Here is a real existential question! You enter a public bathroom with a real desire to urinate, but nothing helps, you leave without having fulfilled your need. Do you suffer from “shy bladder”?
It is a real evil or rather a phobia. Indeed, the “shy bladder” syndrome, also called paruresis in medical jargon, affects many more people than we think. This phobia occurs when we are about to urinate, but one or more people can see or hear us or when we imagine being surprised.
There are different categories of people affected, but all can urinate quietly at home. In some people, this syndrome is punctual, it’s a bit “sometimes it works and sometimes it doesn’t”. For others, it may be temporary and disappear as quickly as it happened. Finally, there are individuals for whom this phobia becomes a serious problem that worsens over time. Indeed, these can be subject to quite substantial social repercussions.
These people will then avoid going out in public, traveling or even changing their practices relating to the simple fact of drinking outside their home, so as not to want to urinate. Sometimes, these individuals cannot do otherwise and are able to walk hundreds of meters in the forest or in the open field to “be quiet”. On the plane, on the other hand, the ordeal takes another form, that of an interminable wait synonymous with suffering.
MotherBoard magazine interviewed Steven Soifer, professor of social action at the University of Memphis (USA) and director of the International Paruresis Association (IPA). This expert advises people who experience this phobia badly and tries to help them.
“When we talk about paruresis, we often hear ourselves answering stuff like “Carry your balls”, we get called a jerk. Most people don’t understand. When in fact, it happens to many people, at least once. Concretely, if you cannot see or hear the other, even if he is there, it does not bother you. Studies show that the closer the person is to you, the more difficult it is to urinate. »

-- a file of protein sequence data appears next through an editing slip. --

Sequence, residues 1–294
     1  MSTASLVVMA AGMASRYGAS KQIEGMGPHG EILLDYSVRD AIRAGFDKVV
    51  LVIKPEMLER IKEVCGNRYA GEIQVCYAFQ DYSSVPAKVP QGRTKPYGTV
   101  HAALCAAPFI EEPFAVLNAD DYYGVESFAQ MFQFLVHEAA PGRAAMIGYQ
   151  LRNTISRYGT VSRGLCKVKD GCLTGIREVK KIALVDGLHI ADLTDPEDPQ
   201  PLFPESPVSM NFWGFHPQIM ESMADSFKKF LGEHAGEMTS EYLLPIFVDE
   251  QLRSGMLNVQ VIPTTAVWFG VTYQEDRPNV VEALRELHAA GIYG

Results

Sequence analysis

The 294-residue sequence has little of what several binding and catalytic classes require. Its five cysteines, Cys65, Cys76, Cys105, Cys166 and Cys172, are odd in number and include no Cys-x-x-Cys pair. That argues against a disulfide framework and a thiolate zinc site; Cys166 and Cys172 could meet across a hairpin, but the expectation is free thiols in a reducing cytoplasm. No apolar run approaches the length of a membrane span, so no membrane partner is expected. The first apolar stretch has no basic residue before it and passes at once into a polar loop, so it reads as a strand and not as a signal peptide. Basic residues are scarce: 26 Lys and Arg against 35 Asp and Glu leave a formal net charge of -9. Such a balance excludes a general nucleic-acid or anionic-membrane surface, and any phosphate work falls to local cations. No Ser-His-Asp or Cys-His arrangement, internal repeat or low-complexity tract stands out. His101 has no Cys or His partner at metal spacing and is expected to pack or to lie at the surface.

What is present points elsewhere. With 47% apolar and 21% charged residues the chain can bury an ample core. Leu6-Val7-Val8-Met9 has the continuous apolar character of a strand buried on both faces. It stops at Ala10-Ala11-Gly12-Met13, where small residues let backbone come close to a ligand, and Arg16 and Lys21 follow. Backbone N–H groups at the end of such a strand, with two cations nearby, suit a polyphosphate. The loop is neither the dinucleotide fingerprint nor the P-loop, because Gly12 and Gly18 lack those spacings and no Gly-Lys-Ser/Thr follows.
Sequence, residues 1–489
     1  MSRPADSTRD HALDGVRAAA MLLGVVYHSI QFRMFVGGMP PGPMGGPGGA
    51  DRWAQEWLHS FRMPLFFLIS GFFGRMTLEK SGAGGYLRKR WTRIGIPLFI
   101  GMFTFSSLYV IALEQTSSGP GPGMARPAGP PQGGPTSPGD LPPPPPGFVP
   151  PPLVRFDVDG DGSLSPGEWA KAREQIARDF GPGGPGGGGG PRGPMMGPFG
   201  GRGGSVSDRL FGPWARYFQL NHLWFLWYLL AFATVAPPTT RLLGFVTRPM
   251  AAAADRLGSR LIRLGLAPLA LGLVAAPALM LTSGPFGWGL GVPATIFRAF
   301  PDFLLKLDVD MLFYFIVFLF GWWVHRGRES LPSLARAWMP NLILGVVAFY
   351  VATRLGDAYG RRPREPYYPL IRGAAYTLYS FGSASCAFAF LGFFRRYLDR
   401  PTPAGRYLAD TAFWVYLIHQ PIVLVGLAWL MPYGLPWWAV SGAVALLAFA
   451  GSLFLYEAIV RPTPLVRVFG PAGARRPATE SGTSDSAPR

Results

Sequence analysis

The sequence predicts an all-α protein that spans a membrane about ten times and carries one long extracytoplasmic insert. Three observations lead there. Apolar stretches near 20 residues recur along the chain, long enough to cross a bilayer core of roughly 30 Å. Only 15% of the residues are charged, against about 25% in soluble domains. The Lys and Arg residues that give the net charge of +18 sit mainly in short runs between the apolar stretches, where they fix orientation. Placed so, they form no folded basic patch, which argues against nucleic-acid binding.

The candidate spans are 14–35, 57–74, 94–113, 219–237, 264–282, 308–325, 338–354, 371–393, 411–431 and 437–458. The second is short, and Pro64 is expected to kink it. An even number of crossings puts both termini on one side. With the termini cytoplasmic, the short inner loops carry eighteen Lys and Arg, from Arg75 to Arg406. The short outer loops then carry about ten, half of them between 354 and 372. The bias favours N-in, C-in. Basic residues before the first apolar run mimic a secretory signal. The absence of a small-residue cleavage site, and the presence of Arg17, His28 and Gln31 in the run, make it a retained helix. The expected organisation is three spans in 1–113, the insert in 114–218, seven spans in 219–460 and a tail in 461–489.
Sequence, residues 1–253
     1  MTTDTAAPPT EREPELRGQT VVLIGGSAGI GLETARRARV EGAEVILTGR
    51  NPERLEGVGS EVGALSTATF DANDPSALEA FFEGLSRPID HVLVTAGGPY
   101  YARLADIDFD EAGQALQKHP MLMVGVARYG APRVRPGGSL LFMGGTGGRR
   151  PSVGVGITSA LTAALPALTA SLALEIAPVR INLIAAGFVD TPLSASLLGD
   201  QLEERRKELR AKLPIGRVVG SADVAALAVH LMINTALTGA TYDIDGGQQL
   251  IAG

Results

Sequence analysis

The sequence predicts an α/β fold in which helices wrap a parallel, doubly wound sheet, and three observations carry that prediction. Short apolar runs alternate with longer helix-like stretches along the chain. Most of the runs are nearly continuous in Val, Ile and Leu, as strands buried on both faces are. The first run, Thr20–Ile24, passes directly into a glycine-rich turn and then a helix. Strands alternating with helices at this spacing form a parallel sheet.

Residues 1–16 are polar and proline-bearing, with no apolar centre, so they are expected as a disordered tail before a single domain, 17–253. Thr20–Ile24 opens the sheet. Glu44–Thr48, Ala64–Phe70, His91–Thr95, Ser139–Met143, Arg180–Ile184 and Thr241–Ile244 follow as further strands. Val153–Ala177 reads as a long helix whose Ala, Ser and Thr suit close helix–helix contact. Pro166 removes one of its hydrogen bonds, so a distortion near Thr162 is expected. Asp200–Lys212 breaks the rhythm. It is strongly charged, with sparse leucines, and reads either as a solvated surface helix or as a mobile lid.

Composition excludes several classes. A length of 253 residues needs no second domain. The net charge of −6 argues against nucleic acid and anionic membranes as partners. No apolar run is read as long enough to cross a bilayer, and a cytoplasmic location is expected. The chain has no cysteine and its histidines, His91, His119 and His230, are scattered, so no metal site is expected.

A few jumbled details on paruresis
Men are much more affected than women, probably because they do not confront the urinals. This phobia often develops from adolescence and can continue until death since some people avoid public toilets all their lives. In addition, the difficulty of urinating is proportional to the distance separating the person from another individual.
Officially, men would be affected at a rate of 1 to 25%, a range far too wide for Steven Soifer who estimates this number at 7%. Reported to the French population, this ratio gives a rather incredible result: this represents a figure of 4.6 million French people, twice the population of Paris. And you, are you part of it?
Sources: MotherBoard – Allodoctors